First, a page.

“Everywhere, there were so many people with guns,” he said. “But nobody knows if they are from the government … they are stopping everybody they want, searching … and nobody can stop them.”

The family moved several times, staying with various friends to avoid detection, because gunmen were “searching district by district.”

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A man stands with three young children on a street in Kabul, Afghanistan with a white building behind them.
Bashir Kashefi with his three young children, (l. to r.) Safa, Haroon, and Horia, in Afghanistan after the family was trapped there.
(Courtesy of Bashir Kashefi)

He also worried they might be found out because the children would at times speak English among themselves.

One early morning, Kashefi said, several people living down the street from where they were staying were killed when that home was struck by rocket fire.

When he first spoke with LAist late last week, Kashefi said the family was in close contact with State Department officials, but that there had been no news about leaving.

Kashefi detailed his story and his fears in this video last week:

‘We Are Their Family’

As the Kashefis were stranded, a group of local volunteers from Miry’s List, a grassroots organization of volunteers aiding refugees, along with others, got together to raise money for the family to pay their rent and other bills.

One is Shereef Moustafa, who befriended Kashefi after helping recruit him to participate in a local TEDx talk last year.

After the Kashefis were stuck in Kabul, Moustafa and other volunteers teamed up to organize a fundraising site; he also made several visits to the Kashefis’ apartment building in Anaheim to make sure their car was safe and that everything seemed in order.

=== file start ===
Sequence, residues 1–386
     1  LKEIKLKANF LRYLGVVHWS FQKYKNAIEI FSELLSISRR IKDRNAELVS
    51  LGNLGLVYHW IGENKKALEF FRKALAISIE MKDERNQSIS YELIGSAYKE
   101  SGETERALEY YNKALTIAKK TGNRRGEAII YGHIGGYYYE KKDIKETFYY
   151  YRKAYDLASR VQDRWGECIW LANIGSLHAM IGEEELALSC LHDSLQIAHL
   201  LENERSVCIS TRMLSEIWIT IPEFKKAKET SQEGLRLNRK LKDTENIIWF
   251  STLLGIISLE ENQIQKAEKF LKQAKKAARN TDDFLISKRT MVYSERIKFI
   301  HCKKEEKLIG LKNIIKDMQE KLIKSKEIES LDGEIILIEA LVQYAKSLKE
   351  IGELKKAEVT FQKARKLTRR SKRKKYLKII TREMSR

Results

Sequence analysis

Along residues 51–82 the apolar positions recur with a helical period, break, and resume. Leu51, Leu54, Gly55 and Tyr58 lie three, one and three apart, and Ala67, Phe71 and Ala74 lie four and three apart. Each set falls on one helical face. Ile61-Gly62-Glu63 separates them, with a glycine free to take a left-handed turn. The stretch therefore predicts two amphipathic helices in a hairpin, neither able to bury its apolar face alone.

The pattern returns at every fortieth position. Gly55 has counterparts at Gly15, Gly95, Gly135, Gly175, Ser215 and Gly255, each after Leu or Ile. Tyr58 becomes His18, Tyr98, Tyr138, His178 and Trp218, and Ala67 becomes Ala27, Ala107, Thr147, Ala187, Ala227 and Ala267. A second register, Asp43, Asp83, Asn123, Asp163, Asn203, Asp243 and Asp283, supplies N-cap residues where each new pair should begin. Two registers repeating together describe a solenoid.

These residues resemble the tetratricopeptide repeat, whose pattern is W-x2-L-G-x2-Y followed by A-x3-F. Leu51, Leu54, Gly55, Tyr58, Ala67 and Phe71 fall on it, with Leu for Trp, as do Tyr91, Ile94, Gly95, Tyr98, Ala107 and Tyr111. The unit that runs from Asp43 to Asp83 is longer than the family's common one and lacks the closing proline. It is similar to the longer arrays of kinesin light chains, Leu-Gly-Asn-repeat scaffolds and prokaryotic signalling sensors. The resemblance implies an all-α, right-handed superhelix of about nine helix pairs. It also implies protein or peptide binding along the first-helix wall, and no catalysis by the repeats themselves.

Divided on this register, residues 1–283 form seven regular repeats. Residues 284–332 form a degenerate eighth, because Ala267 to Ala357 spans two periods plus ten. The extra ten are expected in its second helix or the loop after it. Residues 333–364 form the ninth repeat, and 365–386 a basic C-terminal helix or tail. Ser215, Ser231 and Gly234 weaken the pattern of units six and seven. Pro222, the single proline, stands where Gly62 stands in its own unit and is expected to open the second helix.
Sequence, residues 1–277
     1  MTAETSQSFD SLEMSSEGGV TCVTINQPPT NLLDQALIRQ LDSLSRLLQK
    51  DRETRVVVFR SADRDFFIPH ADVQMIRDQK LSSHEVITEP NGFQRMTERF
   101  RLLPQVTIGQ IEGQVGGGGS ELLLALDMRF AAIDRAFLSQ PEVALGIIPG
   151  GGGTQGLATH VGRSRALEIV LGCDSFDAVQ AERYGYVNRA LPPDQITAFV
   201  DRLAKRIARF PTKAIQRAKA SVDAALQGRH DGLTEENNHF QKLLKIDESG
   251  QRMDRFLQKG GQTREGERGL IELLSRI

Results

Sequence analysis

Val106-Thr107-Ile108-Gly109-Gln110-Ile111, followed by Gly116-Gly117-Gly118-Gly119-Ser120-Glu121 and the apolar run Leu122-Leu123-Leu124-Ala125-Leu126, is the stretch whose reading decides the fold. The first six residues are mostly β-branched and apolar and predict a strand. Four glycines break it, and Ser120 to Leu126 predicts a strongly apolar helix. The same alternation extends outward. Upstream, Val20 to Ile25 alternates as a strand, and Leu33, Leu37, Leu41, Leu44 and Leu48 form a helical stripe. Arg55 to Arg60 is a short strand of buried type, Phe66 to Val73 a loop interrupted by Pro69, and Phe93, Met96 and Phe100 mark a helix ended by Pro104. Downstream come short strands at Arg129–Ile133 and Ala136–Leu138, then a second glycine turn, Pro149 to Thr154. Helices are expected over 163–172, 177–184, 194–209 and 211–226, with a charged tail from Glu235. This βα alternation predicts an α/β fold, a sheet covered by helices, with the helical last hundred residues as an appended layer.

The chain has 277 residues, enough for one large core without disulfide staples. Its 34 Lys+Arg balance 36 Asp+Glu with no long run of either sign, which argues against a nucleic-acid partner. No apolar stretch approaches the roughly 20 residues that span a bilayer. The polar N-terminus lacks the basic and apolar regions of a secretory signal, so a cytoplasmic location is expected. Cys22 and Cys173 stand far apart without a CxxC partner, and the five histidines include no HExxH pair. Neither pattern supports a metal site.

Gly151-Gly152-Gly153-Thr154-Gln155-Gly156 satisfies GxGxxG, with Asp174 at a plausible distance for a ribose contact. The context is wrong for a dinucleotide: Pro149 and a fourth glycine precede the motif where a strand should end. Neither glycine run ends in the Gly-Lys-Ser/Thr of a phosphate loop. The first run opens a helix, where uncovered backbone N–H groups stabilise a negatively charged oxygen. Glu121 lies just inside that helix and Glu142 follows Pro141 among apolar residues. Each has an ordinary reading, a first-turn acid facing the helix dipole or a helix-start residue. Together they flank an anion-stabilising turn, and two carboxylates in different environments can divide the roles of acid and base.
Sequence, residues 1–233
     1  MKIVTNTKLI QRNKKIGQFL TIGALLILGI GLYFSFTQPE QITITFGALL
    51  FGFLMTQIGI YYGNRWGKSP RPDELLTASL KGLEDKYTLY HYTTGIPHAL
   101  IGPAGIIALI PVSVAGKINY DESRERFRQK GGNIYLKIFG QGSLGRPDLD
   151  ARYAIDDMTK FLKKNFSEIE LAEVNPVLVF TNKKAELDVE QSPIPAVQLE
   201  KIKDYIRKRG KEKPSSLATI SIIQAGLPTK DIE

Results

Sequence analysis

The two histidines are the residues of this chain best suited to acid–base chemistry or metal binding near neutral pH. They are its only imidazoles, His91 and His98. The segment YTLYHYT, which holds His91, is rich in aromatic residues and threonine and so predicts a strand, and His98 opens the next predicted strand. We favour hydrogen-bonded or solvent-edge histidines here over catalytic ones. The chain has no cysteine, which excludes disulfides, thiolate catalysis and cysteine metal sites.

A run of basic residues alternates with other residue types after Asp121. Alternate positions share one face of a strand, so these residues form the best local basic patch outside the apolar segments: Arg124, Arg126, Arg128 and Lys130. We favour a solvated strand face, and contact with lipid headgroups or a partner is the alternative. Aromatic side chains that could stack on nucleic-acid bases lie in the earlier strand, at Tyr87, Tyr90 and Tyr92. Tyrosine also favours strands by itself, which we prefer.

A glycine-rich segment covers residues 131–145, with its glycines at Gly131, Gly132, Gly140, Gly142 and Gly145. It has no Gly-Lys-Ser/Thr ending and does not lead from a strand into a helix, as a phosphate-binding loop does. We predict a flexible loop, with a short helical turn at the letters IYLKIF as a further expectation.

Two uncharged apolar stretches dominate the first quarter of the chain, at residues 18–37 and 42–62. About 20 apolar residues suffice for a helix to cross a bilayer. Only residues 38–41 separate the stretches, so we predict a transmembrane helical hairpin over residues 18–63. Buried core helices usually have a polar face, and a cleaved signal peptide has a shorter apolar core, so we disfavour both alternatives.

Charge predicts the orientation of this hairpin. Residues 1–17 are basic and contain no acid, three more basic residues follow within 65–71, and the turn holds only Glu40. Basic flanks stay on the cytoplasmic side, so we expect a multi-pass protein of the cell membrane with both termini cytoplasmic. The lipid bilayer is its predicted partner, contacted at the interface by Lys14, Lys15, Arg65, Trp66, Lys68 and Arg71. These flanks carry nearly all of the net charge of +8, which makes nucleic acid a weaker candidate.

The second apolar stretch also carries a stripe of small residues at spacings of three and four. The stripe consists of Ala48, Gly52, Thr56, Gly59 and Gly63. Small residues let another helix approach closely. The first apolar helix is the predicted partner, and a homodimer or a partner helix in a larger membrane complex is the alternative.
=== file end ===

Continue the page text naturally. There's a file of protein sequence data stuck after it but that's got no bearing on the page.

“It became clear to us that our best and highest use would be to raise funds to keep his expenses going while he was not here,” said Moustafa, who lives in Long Beach. “Paying the apartment, paying the bills, keeping the mobile phone paid for, because that was our lifeline to him.”

Jane Borden, another volunteer, first met the Kashefis soon after their arrival in 2017, when she volunteered through Miry’s List to assist them. Her child was the same age as their oldest daughter and the two families would end up becoming close.

“When we go visit them, they tell us that we are their family,” said Borden, who lives in Lincoln Heights and would regularly visit the Kashefis in Anaheim. “And I feel that way. And that is why when I heard they were stuck in Afghanistan, I had to do whatever I could to get them home, because that is what family does.”

Several volunteers were in contact with legislators involved in efforts to evacuate remaining Americans. But as of late last week, it didn’t seem like anything was progressing for the family.

Speaking with LAist last week, Kashefi said he and his wife were growing so desperate that if they were not able to leave within a couple of weeks, they would consider crossing the border into a neighboring country.

‘It Is A Dream’

Fortunately for them, it did not come to that: This past weekend, a State Department official got in touch and instructed them to report to a hotel near the airport for a possible flight to Qatar.

Kashefi said he was skeptical at first. When he arrived at the hotel, their names were not on the departure list. But he was asked to wait, so he did — all day. Finally, at around 4:30 in the afternoon, he said, he was told to “get to the van, go the airport and get the flight.”

Getting on the plane, then landing in Qatar, he said, the family was in disbelief.

“It is a dream,” he said. “Believe me, last night we saw a dream. Because [we were] exhausted and so tired, we don’t believe we [got on] the plane.”

A man and three young children sit on a brown sofa.
A relieved Bashir Kashefi and his three children, now safe in Qatar.
(Courtesy of Bashir Kashefi)

Now, Kashefi says, they are safe. He’s had a good night’s sleep for the first time since they were stranded in Kabul, he said Monday. The kids are asking if they are already in the United States — soon, their parents tell them.

They aren’t sure how long they will need to stay in Qatar — perhaps several days. Meanwhile, the local volunteers will figure out if they’ll need to cover any of the Kashefis’ flight costs and continue raising funds in case it’s necessary.

Kashefi said they look forward to returning to Anaheim.

“We are thinking [we’ll] start a new life again in the United States,” he said.